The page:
A couple of points here. First a technical one. In the paragraph above we use the term significant. Those with an interest in science will know that this is a term with very specific meaning scientifically. We do not imply here that our results are statistically significant, the word significant only in its ‘common sense’ use of the term. Secondly, we are not overly concerned to find differences between groups as the group whose views we are seeking are socialists, already marginalised and not needing us to make them more so. That is why we find it interesting that 88% of those who responded agreed that we should use empty buildings before embarking on new building projects. According to the latest data there were 479,000 empty homes in England, 14,866 empty homes in Wales and 43,766 empty homes in Scotland. A total of over half a million homes that are currently (as of 2022) empty. Those are homes that could be used to house those people currently seeking homes. Policy, as currently stated by the Labour Party, the Conservative Party and the Lib-Dems is centred on building more homes and creating a bonanza for building companies and mortgage providers. Perhaps you are right. The best way to save the green belt is not to build more homes but to use the empty stock that already exists. And, whilst renters are more keen on this than homeowners the fact remains that the best method of ensuring high quality homes for the rental sector is as 58% of you agreed for house building (or the avoidance of house building) to be in the public sector.
Where we see the biggest difference is when we ask questions that go to the heart of your status on the ‘housing ladder’. There is a clear difference when we asked how much you agreed with “Renting should be a stepping stone toward owning your own home”. Whilst only 22% of renters agreed, amongst existing homeowners the figure was 41%. This could be validation of their own past choices or that, like most of the population, they regard housing as a ladder on which the top rung is outright ownership. This is rather supported when we look at the results to the statement “I would rather rent than buy.” In this case 57% of renters agreed, whilst only 15% of homeowners.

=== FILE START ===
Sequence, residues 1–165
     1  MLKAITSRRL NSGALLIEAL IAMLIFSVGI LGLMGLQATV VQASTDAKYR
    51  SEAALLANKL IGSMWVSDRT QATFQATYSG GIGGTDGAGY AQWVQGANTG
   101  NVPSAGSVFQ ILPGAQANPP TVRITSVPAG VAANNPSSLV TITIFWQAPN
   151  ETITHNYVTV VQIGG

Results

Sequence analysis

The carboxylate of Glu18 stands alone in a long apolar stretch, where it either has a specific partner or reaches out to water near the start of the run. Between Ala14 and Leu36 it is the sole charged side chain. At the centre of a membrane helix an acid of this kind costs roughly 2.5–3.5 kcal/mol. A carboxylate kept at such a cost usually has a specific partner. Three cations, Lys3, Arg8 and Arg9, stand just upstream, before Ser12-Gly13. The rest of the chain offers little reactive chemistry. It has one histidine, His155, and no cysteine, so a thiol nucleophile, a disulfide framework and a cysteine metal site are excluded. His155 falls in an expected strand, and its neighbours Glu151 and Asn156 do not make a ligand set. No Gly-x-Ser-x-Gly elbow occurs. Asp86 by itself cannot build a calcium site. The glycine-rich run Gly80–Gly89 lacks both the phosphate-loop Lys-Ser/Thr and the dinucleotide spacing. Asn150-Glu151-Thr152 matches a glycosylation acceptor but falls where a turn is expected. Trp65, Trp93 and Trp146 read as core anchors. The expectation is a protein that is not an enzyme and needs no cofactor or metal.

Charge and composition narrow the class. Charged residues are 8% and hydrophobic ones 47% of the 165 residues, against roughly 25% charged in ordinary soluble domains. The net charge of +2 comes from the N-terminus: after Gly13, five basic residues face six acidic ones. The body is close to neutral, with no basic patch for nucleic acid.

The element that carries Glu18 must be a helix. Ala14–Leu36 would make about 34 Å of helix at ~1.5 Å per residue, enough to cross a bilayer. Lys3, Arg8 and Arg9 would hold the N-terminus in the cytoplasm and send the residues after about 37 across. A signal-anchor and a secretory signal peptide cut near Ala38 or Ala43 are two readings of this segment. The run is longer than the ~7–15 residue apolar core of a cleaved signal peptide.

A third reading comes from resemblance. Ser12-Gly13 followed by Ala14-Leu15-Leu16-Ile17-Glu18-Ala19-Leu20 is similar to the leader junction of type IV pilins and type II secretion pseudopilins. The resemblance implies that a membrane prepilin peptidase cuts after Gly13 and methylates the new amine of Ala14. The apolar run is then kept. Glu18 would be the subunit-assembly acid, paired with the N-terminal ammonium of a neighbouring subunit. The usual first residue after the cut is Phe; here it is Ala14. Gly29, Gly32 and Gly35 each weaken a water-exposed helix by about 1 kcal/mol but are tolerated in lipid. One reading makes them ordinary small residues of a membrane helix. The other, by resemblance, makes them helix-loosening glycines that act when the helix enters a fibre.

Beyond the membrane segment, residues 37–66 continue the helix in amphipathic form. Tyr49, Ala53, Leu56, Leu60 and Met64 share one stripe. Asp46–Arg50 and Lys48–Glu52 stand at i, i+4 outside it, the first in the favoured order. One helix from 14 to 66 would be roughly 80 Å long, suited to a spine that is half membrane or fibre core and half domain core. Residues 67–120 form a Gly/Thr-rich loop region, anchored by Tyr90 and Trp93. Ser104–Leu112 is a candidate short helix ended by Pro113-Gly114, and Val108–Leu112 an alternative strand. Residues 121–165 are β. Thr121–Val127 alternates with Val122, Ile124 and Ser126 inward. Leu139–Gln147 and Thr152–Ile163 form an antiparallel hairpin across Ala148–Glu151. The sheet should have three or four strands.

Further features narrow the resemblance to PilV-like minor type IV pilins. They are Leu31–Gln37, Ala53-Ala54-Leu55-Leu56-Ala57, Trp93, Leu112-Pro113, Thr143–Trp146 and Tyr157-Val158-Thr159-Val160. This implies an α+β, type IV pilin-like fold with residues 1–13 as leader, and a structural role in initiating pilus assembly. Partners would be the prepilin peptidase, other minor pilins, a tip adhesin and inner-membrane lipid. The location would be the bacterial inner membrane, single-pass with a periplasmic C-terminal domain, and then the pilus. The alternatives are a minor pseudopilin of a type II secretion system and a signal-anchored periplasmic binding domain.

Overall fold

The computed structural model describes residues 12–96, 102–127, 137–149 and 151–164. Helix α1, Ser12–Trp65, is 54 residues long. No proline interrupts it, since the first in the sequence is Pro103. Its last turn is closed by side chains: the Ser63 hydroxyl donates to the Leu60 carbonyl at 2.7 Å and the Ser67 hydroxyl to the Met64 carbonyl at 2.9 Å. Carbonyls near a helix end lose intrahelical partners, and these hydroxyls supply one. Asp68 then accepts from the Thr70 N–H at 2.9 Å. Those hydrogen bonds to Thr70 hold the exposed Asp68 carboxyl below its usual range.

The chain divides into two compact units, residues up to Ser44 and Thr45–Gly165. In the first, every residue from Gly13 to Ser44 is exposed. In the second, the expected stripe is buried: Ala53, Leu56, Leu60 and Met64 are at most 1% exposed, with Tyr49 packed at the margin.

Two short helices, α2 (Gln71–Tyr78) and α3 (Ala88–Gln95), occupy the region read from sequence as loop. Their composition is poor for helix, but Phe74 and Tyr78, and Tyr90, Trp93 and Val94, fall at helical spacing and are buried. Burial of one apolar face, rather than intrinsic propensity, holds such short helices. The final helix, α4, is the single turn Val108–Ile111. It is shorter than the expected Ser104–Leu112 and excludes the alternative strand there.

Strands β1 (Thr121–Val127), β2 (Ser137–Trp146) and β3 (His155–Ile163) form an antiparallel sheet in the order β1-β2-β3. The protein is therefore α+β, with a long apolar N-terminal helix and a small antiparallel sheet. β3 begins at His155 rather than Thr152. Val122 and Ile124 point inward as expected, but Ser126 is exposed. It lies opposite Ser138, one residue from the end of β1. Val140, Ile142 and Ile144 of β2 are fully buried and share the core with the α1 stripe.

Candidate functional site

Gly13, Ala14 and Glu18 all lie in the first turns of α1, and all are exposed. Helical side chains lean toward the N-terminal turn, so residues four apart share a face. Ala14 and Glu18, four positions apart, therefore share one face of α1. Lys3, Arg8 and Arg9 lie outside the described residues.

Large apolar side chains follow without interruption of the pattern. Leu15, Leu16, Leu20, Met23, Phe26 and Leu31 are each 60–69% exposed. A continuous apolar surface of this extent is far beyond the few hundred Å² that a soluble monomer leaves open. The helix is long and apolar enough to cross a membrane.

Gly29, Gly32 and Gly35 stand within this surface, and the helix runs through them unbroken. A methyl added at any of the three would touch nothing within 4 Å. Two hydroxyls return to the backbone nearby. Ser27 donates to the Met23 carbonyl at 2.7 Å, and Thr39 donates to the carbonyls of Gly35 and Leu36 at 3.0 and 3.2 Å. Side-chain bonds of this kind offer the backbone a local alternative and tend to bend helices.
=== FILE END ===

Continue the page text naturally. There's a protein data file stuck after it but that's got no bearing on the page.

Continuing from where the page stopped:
Is there a conclusion to be drawn from this? Not an easy one. It does appear that many people, regardless of politics, aspire to owning their own home. Any party that wants to win an election must be seen to support that aspiration, as we are sure Starmer’s advisors are well aware. But, there are a significant number of people who are renting and prefer to rent. In supporting house building of any sort these two constituencies will need to be confident that their concerns are being taken into account. In reality, you do not need to promise to build more homes for people who already own one. That is why the assumption that people in rented accommodation see it as a stepping stone is important.
There are actually two elephants in the room here: cost and the environment. The problem in the housing market is not a lack of property, but of affordable property. As interest rates rise that will only get worse. But whatever we decide to do must be sustainable in the long-term. The green belt may not be as sacrosanct as some people like to think, but this debate is not really about the green belt it is about whose interests are prioritised: builders, banks and landlords or ordinary workers, tenants and those on low incomes. None of the mainstream parties have shown too much interest in anything but the first group, and as things stand, that will not change any time soon.
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Socialist of many years. Former Labour member. Currently presenter of The Socialist Hour.